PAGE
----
There are still other problems in conventional focus detecting devices using the self-scanning type image sensor. When the power switch is turned on, unwanted charges are accumulated in the photodiode array which must be cleared away before the first detecting operation, or otherwise the signal obtained from the first detecting operation will not carry the correct image signal. Accordingly, the objective lens will not be moved to the proper focusing position. To this end, an initialize operation is carried out after the turn on of an operation start switch. The initialize operation is carried out by a so-called trial or idle transfer operation in which the unwanted charges are transferred from the photodiode array through the CCD shift register to the image signal output circuit, for example, with the signal produced by the image signal output circuit not used. Usually, to completely remove the unwanted charges, the trial transfer operation is carried out for a several times repeatedly. Since such a trial transfer operation is carried out at the same speed as the normal transfer operation which can not be made faster due to the various factors, such as the speed of the A/D conversion, it takes time before the camera is ready to take a first picture. Thus, one may lose a good picture shooting chance in this respect also.

Even if the trial transfer operation can be made faster than the normal transfer operation, the problem still exists as explained below.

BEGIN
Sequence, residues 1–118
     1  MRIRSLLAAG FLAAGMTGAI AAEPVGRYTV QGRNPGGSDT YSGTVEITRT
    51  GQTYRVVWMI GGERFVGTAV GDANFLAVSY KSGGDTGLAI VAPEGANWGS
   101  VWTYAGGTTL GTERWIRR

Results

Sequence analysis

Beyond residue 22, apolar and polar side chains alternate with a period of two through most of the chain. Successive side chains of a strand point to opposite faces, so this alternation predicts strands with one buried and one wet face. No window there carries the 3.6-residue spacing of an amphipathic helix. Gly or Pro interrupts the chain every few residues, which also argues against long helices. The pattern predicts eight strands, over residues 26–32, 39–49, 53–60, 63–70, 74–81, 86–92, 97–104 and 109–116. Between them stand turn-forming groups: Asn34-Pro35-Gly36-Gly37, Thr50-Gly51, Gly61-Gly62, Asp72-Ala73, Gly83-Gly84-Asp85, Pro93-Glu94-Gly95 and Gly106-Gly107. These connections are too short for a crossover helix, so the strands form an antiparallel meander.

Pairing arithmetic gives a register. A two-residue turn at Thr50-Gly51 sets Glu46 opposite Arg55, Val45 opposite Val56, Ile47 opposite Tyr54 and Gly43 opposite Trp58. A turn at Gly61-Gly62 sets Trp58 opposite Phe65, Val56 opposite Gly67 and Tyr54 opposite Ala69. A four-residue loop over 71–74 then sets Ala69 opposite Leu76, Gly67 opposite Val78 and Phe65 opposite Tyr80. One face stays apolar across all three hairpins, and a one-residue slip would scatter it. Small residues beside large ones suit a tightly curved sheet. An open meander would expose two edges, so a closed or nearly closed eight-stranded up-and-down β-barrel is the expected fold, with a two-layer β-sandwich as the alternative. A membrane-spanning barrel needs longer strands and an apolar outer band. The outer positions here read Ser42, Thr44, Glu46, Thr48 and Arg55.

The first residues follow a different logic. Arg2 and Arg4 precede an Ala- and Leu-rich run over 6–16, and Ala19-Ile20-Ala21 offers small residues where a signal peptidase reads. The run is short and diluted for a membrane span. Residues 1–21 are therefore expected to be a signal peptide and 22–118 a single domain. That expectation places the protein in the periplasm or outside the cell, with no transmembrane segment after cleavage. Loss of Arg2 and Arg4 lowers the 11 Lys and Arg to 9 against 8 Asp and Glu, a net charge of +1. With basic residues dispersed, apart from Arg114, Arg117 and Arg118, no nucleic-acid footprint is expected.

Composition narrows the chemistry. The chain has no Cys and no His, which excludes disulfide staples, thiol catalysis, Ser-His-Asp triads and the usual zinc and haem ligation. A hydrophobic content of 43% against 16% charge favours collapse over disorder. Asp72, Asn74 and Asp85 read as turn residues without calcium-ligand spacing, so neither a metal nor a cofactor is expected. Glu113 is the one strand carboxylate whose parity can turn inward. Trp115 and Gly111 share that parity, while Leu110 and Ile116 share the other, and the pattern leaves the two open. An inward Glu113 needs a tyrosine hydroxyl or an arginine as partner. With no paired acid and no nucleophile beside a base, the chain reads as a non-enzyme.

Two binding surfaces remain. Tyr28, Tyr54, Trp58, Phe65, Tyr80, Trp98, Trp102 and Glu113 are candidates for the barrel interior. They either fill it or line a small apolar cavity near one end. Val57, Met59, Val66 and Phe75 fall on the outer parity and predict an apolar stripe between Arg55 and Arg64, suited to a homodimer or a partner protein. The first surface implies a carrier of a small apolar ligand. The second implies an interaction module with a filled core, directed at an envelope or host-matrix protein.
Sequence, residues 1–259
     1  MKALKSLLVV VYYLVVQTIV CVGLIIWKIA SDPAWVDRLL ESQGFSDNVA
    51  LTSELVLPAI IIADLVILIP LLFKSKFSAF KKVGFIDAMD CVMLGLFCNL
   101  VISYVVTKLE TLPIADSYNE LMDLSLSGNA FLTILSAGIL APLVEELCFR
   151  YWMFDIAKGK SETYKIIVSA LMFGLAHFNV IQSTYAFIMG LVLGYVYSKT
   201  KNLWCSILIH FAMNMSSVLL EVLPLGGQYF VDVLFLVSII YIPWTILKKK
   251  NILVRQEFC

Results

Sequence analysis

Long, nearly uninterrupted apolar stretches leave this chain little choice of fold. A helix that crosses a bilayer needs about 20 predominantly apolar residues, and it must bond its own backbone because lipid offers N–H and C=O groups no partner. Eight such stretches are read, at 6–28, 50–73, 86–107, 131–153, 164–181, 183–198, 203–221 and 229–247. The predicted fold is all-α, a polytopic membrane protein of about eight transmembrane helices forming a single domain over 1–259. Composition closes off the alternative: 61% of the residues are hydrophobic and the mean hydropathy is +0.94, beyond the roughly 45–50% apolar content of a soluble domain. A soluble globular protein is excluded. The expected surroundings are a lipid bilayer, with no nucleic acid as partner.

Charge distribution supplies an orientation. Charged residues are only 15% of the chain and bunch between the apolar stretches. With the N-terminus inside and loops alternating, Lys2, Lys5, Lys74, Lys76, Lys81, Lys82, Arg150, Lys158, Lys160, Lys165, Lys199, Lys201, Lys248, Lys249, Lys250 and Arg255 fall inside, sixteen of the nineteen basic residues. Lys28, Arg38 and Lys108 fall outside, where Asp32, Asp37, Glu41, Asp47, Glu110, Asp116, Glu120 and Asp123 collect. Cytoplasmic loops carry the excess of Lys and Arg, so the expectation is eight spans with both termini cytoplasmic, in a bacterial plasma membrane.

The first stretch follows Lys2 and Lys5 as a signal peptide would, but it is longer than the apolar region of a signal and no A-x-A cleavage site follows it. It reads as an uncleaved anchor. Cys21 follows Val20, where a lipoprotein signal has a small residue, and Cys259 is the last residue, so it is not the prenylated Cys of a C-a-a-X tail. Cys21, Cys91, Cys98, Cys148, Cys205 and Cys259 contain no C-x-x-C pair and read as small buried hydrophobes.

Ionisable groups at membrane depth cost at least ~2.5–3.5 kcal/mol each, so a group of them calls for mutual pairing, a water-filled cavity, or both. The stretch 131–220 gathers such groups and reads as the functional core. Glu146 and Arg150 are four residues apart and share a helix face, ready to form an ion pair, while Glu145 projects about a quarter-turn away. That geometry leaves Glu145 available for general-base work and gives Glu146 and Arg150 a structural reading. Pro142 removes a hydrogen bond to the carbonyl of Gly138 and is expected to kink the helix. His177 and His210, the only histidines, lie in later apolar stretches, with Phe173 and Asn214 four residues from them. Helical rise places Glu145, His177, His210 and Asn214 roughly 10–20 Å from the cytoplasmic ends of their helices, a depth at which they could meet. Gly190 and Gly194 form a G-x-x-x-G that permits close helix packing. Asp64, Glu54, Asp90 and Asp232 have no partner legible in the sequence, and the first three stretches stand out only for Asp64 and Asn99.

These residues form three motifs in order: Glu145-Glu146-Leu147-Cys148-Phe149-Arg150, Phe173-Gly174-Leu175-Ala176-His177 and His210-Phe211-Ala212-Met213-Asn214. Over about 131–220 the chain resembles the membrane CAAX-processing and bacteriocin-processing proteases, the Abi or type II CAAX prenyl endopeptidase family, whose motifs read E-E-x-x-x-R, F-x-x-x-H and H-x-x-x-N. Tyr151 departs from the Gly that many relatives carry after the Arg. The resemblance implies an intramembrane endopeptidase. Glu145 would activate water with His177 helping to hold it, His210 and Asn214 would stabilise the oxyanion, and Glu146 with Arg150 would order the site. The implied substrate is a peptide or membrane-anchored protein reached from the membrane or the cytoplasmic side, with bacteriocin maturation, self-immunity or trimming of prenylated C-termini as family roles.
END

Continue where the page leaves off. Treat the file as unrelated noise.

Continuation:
It is to be noted that the CCD shift register itself is sensitive to light, such that the charge in each cell of the CCD shift register increases, although very slowly, but, relatively to the light impinging thereon. It is assumed that the CCD shift register is disconnected from the photodiode array in the trial transfer operation and comprises seven cells aligned in a row. It is also assumed that the fast trial operation is carried out by fast transfer-clock pulses having a high frequency fH, which is higher than the frequency fL of the normal transfer-clock pulse for the normal transfer operation.

Now description is given to the last trial transfer operation. At the moment of the completion of the next to the last trial transfer operation, there are accumulated unwanted charges "6q", "5q", "4q", "3q", "2q" and "q" in the first to sixth cells, respectively, and the seventh cell is empty. Until the first fast transfer-clock pulse for the last trial transfer operation is produced, that is for a period 1/fH, each cell accumulates unwanted charge "q". When the first fast transfer-clock pulse for the last trial transfer operation is produced, unwanted charge "7q" in the first cell in the CCD shift register is outputed from the CCD shift register, unwanted charge "6q" in the second cell is moved to the first cell, unwanted charge "5q" in the third cell is moved to the second cell, and in this manner, unwanted charge in the last seventh cell "q" is moved to the sixth cell.

Until the second fast transfer-clock pulse is produced, that is for a period 1/fH, each cell further accumulates unwanted charge "q". Then, when the second fast transfer-clock pulse is produced, the same brigade operation is carried out.